Wabi-sabi, the Art of Appreciating Imperfection

Wabi-sabi, the art of appreciating imperfection. Has a nice little ring to it, don’t you think? But what is wabi-sabi exactly, what does it mean?

Wabi-sabi

Wabi-sabi is the Japanese art or aesthetic of accepting and appreciating the beauty of impermanence and the imperfect. Three characteristics among many that make up the fundamental basis of wabi-sabi include:

  • simplicity
  • asymmetry
  • asperity- roughness or irregularity of surface

I tend to embrace the imperfect, because in the world of vintage there are so many beautiful pieces including those with a few scars of imperfection. Imperfections are part of the story. Many vintage pieces have lived quite the life, often with world travel or small jaunts along the way.

At Audrey Would my goal is to offer pristine vintage pieces, but you will find some perfectly imperfect treasures in the mix.  This little touch of wabi-sabi will always be noted in an item’s listing details in an effort for complete transparency with my customers. At the end of the day, I want you to love your vintage treasures as much as I do!

Take this gorgeous Mid-Century pinch spout pitcher, for example.Vintage black blown glass pitcher with pinched spout.It is made of smokey black glass, hand blown and has a beautiful profile that emphasizes its curvaceous lines. There is no makers mark other than a characteristic pontil on the bottom from the glass blowing process. I can’t verify for sure, but I believe this pitcher may be a Blenko piece from the 1960s. What’s not to love?

So, would it change your mind if I showed you this beauty has a small area of imperfection?

Vintage black blown glass pitcher with pinched spout.

See the dark line where the top of the handle is fused to the body of the pitcher? This is actually a crack inside the glass. If I had to guess I would say the pitcher sustained a hard knock, but because of the thickness of the glass it did not crack through. Technically, this pitcher is still fully intact.

Now imagine this pitcher filled with a cheerful bunch of flowers or fresh cut greenery. The bouquet would be presented and the pitcher, showcased. The crack would suddenly become invisible to the eye. See what I mean about the art of appreciating imperfection?

Wabi-sabi in the Everyday

A few years ago I was out for a nice meal. The setting was casual outdoors in an established kind of way. At the end of the meal I was served this grilled pineapple upside-down cake for dessert.

Pineapple Cake and Wabi-sabi Plate

I loved the unique shape of the dish, and the smattering of little flowers that were decorative but not overdone. If you look closely you will even see a slightly textured tone-on-tone finish to the glaze. Now, if you look again, did you notice the white spot on the front edge of the dish?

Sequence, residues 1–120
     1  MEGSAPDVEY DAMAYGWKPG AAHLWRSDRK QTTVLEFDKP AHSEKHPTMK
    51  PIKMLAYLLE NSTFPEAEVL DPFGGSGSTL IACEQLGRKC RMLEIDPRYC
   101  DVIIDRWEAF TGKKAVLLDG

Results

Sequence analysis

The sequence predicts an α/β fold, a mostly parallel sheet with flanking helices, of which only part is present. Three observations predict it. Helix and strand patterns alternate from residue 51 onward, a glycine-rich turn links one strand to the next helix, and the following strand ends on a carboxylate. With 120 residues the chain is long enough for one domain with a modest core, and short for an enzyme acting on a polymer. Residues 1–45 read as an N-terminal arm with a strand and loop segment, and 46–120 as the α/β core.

The white spot is actually a small chip. One could be disappointed about the chip, or choose to embrace this little imperfection and appreciate the dish as a whole for its overall presentation. This is an example of wabi-sabi. To be served my decadent dessert in a chipped dish intrigued me. This confident, bold move is not generally what one anticipates when dining out. Some might think it was a misstep by the establishment, but for me, it added to my experience.

What’s your take on wabi-sabi. Would you embrace the chip of this dish, or would you be disappointed and wish this dish had been thrown away?

Thanks for stopping by!

Audrey Would at Home Blog

 

 

 

 

 

 

 

Photographs © Audrey Would! Vintage Home

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3 Comments

  • Reply Embracing the Flawsome June 9, 2018 at 7:12 pm

    […] quick to tell me stories of the items they still cherished even though they were damaged. Shelia of Audrey Would published a blog post on the subject. I kept thinking about this as I shopped, looking at things in […]

  • Reply Home To Heather April 30, 2018 at 11:39 am

    Fantastic post! I admit, I have been known to be ‘picky’ but like you, it’s only because I want to offer pristine items for sale. Some items wear better than others and there are some in my home which I love because of their flaws and history. It depends a lot on the item but from now on, I vow to do a better job of accepting things as they are – like your dessert. I would have gladly accepted that! 😉

    • Reply Sheila Zeller April 30, 2018 at 10:00 pm

      Thank you Heather! I’m with you – there are some things that are better left in their pristine state, and some that are just great no matter how much wear and tear they show with age. I really appreciate your comment 🙂

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